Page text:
Struve (crater)

From Wikipedia, the free encyclopedia
Jump to navigation Jump to search
Struve
Struve crater 4174 h3 4182 h3.jpg
Mosaic of Lunar Orbiter 4 images
Coordinates23°00′N 76°36′W / 23.0°N 76.6°W / 23.0; -76.6Coordinates: 23°00′N 76°36′W / 23.0°N 76.6°W / 23.0; -76.6
Diameter170 km
DepthNone
Colongitude80° at sunrise
EponymFriedrich G. W. von Struve
Otto W. von Struve
Otto Struve

Struve is the lava-flooded remains of a lunar impact crater. It is located near the western extreme of the Oceanus Procellarum, close to the western lunar limb. As a consequence, even though it is roughly circular in outline, it appears oval due to foreshortening.

The northern rim of this crater intersects the smaller lava-flooded crater Russell to the north, and there is now a wide gap between the two formations. Attached to the southeast rim is the remains of another lava-flooded formation, Eddington. Farther to the southwest is Balboa, near the lunar limb.

The rim of Struve is heavily worn and irregular, with several gaps connecting to the surrounding mare. It resembles little more than a circular mountain range, climbing to a maximum height of 1.7 km. There are several small impact craters within the wall, most notably in the southeast part of the crater. The crater Struve G overlaps the inner part of the western rim, and just to the north of this crater is a gap in the wall that connects to the Oceanus Procellarum between the rims of Russell and Eddington.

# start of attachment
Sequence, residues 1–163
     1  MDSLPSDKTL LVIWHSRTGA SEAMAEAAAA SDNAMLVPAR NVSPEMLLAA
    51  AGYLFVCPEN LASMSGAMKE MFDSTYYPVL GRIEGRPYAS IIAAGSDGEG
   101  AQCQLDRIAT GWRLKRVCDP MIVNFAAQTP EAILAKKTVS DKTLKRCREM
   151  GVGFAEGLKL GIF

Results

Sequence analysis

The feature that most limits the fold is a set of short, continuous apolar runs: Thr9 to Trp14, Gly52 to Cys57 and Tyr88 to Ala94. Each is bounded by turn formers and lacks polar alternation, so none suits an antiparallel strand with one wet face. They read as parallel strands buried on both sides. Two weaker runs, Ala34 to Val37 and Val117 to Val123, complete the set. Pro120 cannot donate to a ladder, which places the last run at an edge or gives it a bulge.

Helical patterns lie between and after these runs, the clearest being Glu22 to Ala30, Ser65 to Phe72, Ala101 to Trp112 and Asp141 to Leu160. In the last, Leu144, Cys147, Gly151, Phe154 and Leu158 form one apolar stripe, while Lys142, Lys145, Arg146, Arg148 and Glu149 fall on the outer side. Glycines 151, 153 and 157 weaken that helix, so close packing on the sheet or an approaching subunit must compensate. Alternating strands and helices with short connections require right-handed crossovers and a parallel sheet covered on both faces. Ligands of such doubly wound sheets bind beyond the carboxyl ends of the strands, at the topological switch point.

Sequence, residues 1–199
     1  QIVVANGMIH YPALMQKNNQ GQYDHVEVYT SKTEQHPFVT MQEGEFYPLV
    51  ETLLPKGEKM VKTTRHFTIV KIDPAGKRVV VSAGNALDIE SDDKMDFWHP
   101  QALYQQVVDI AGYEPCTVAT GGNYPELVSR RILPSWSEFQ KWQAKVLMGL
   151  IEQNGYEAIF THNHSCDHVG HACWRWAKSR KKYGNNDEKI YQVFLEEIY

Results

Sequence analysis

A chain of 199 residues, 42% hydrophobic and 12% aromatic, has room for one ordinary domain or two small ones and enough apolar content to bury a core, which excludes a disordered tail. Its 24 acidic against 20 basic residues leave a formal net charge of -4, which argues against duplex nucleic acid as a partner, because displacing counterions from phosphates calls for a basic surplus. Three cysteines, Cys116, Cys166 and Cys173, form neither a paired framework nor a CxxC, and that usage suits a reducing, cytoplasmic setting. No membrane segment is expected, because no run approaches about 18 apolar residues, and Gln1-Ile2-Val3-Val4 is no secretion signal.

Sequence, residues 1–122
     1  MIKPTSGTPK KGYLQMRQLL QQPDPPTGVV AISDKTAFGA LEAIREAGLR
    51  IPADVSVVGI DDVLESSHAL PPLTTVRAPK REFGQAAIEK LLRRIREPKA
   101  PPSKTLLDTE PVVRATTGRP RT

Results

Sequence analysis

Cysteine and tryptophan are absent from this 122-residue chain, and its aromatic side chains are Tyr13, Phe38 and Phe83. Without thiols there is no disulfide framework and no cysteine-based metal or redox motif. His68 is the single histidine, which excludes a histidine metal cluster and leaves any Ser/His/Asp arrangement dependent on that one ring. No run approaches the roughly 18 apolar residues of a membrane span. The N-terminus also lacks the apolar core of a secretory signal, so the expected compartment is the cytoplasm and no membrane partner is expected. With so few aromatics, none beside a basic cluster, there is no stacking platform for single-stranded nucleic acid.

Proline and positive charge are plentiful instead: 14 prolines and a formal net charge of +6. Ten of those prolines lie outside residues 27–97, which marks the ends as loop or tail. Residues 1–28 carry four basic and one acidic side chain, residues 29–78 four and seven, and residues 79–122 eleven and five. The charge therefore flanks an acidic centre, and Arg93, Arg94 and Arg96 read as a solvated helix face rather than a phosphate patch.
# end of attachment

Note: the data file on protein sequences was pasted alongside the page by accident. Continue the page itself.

On older maps this formation was named Otto Struve. It now honors three members of the same family, all astronomers.

Satellite craters[edit]

By convention these features are identified on lunar maps by placing the letter on the side of the crater midpoint that is closest to Struve.

Struve Latitude Longitude Diameter
B 19.0° N 77.0° W 14 km
C 22.9° N 75.3° W 11 km
D 25.3° N 73.6° W 10 km
F 22.5° N 73.6° W 9 km
G 23.9° N 73.9° W 14 km
H 25.2° N 83.3° W 21 km
K 23.5° N 73.0° W 6 km
L 20.7° N 76.0° W 15 km
M 23.3° N 76.2° W 15 km

References[edit]

  • Andersson, L. E.; Whitaker, E. A. (1982). NASA Catalogue of Lunar Nomenclature. NASA RP-1097.
  • Blue, Jennifer (July 25, 2007). "Gazetteer of Planetary Nomenclature". USGS. Retrieved 2007-08-05.
  • Bussey, B.; Spudis, P. (2004). The Clementine Atlas of the Moon. New York: Cambridge University Press. ISBN 978-0-521-81528-4.
  • Cocks, Elijah E.; Cocks, Josiah C. (1995). Who's Who on the Moon: A Biographical Dictionary of Lunar Nomenclature. Tudor Publishers. ISBN 978-0-936389-27-1.
  • McDowell, Jonathan (July 15, 2007). "Lunar Nomenclature". Jonathan's Space Report. Retrieved 2007-10-24.
  • Menzel, D. H.; Minnaert, M.; Levin, B.; Dollfus, A.; Bell, B. (1971). "Report on Lunar Nomenclature by the Working Group of Commission 17 of the IAU". Space Science Reviews. 12 (2): 136–186. Bibcode:1971SSRv...12..136M. doi:10.1007/BF00171763.
  • Moore, Patrick (2001). On the Moon. Sterling Publishing Co. ISBN 978-0-304-35469-6.
  • Price, Fred W. (1988). The Moon Observer's Handbook. Cambridge University Press. ISBN 978-0-521-33500-3.
  • Rükl, Antonín (1990). Atlas of the Moon. Kalmbach Books. ISBN 978-0-913135-17-4.
  • Webb, Rev. T. W. (1962). Celestial Objects for Common Telescopes (6th revised ed.). Dover. ISBN 978-0-486-20917-3.
  • Whitaker, Ewen A. (1999). Mapping and Naming the Moon. Cambridge University Press. ISBN 978-0-521-62248-6.
  • Wlasuk, Peter T. (2000). Observing the Moon. Springer. ISBN 978-1-85233-193-1.